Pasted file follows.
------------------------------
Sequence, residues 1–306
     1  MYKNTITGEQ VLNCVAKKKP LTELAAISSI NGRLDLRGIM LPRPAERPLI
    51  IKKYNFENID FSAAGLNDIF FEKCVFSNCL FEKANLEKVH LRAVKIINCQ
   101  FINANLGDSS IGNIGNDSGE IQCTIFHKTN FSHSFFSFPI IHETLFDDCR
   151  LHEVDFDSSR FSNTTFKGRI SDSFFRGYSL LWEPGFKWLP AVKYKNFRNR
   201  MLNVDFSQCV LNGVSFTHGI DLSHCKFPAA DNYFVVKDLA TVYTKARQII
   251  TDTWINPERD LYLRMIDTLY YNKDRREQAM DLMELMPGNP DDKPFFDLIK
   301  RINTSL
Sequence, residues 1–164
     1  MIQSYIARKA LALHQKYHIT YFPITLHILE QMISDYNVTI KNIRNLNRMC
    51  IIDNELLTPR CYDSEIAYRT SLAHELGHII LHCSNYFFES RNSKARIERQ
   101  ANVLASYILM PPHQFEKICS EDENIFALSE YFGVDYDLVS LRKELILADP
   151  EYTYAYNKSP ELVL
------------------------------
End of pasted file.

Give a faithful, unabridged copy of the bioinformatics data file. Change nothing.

Sequence, residues 1–306
     1  MYKNTITGEQ VLNCVAKKKP LTELAAISSI NGRLDLRGIM LPRPAERPLI
    51  IKKYNFENID FSAAGLNDIF FEKCVFSNCL FEKANLEKVH LRAVKIINCQ
   101  FINANLGDSS IGNIGNDSGE IQCTIFHKTN FSHSFFSFPI IHETLFDDCR
   151  LHEVDFDSSR FSNTTFKGRI SDSFFRGYSL LWEPGFKWLP AVKYKNFRNR
   201  MLNVDFSQCV LNGVSFTHGI DLSHCKFPAA DNYFVVKDLA TVYTKARQII
   251  TDTWINPERD LYLRMIDTLY YNKDRREQAM DLMELMPGNP DDKPFFDLIK
   301  RINTSL
Sequence, residues 1–164
     1  MIQSYIARKA LALHQKYHIT YFPITLHILE QMISDYNVTI KNIRNLNRMC
    51  IIDNELLTPR CYDSEIAYRT SLAHELGHII LHCSNYFFES RNSKARIERQ
   101  ANVLASYILM PPHQFEKICS EDENIFALSE YFGVDYDLVS LRKELILADP
   151  EYTYAYNKSP ELVL